Friday, 2 October 2015

E60: Replacing Rear Rose-Bushes / Lower Ball-Joints

These are the main joint where the rear wheel-hubs attach to the trailing-arms and are a pretty common replacement on high mileage 5 and 7 series. They were the advisories I got on the MOT in February, so thought I should get them done before the nice weather ends.

DIFFICULTY - 6/10 This is not a long or complicated job, but is quite labour intensive.

** YOU WILL NEED: A dedicated removal / installation tool. These are available on eBay [here] for just under £40 and work for all modern 5, 6, 7, X5 and X6 rose-bushes. These are all copies of the BMW special tools listed here on TIS.

The rose-bush is item 2 in the diagram.

1. Lift car, remove rear wheel, support on axle-stand.

2. Unbolt the anti-roll bar link from the trailing-arm using an 18mm open/ring spanner on the nut from underneath, while holding the stud from turning using a T40 Torx socket through the centre of the spanner.

3. Loosen the long bolt that holds the trailing-arm to the wheel hub [5] using a 24mm wrench on the nut and an 18mm wrench on the bolt head. [A long breaker-bar is advisable on the nut.]

4. Loosen off the eccentric-bolt on the trailing-arm [11] using an 18mm wrench on the bolt head and a 21mm wrench on the nut. [Be careful not to turn the bolt and alter the alignment as it's hard to get back.]

5. Loosen off the other bolt on the trailing arm [9] using an 18mm wrench on both the nut and bolt head.

6. Fully remove the 24mm nut [6] and long bolt [5] from the wheel-hub. [The bolt will likely need knocking out with a drift.]

7. Remove the bolt holding the push-rod to the wheel-hub [7] using an 18mm wrench.

7a. (O/S trailing-arm only) - Disconnect the suspension-angle sensor from the trailing-arm using a 10mm wrench and 10mm open-end spanner.

8. Lever the trailing arm down so it is clear of the wheel-hub and the push-rod [4] can be removed.

9. Remove the retaining-ring [3] from the rear face of the rose-bush. [It will likely be well seized in place and need splitting with a grinder / cut-off tool before knocking out in two pieces.]

10. Set up the removal-tool either side of the rose-bush with the largest mandrel on the receiving side and the smallest mandrel on the pushing side, ensuring the pushing side is completely flush to the rose-bush face. [Some of the rose-bush rubber boot may need cutting off to ensure this.]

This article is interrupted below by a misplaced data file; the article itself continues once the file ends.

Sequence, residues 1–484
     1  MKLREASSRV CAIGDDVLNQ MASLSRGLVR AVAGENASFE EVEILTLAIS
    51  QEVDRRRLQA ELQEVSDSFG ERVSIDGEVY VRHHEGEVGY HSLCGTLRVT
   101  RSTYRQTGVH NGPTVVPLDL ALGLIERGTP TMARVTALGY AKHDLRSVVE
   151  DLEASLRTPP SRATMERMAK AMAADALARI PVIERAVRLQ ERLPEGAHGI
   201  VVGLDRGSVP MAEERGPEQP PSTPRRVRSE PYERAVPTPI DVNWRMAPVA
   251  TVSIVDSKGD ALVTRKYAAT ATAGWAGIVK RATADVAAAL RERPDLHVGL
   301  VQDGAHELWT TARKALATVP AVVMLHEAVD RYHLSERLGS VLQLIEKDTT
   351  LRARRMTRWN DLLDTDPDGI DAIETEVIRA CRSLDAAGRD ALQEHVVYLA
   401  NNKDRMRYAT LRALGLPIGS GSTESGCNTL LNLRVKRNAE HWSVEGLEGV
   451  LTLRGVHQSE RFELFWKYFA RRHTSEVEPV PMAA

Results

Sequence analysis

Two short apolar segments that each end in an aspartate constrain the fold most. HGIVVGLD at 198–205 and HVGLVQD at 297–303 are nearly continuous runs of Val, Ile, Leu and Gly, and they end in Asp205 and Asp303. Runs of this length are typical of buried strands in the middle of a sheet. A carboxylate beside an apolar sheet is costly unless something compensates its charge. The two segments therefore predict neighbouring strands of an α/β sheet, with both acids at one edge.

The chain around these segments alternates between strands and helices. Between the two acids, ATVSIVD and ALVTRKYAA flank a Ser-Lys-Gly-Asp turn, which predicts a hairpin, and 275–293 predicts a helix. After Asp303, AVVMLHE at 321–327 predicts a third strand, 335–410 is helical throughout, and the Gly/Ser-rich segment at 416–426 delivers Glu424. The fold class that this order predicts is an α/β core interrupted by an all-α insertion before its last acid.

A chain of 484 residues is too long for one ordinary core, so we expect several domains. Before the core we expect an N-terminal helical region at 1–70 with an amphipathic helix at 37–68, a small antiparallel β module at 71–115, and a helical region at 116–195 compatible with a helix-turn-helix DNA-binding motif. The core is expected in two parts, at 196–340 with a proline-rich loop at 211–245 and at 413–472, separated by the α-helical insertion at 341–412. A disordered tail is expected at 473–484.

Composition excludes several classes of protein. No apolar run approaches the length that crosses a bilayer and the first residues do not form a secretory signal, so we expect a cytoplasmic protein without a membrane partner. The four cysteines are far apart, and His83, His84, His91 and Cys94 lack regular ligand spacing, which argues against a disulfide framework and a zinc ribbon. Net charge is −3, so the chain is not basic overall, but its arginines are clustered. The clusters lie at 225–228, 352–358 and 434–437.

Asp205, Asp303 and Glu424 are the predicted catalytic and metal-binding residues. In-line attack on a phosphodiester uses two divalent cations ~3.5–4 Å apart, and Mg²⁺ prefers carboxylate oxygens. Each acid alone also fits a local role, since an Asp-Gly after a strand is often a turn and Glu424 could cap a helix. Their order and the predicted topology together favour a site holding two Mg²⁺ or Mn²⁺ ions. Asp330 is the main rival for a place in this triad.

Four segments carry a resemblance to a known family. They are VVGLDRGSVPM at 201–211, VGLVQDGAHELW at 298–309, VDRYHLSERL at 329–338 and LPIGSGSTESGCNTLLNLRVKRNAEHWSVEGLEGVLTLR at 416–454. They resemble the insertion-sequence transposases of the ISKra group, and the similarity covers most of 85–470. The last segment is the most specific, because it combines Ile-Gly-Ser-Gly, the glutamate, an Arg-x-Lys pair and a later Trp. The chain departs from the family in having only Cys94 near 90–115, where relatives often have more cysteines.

11. Tighten up the removal-tool using a 19mm wrench on either side until the bush pops out of the wheel-hub. [Rotating the receiving mandrel round so the notched area can be viewed from underneath shows the progress of the bush coming out.] [The bush may well need some heat treatment if it is seized, or you can have a go at splitting it if you are brave enough.]

12. Place the new rose-bush into the hub, ensuring it is straight to the collar and will go in evenly. [The bush always slots it from front to rear, with the retaining ring on the rear face.]

13. Set up the removal-tool on the new rose-bush with the largest mandrel on the receiving side again and the mid-sized mandrel on the pushing side. [The notched side of the receiving mandrel will need rotating so it fits flush past the back of the brake disc. This is essential to keep the threaded-bar / bush straight.]

14. Tighten up the removal-tool with two 19mm wrenches until the bush is fully seated in the collar. [The bush should slide in pretty easily, if it resists then it is not going in straight. A small amount of copper grease can be rubbed round the bush to aid it, but be very sparing.]

15. Fit the new retaining-ring to the rear face of the rose-bush.

16. Refit the push-rod and trailing arm etc. as a reversal of steps 8 to 1.

** For correct re-alignment of suspension geometry see this post. **

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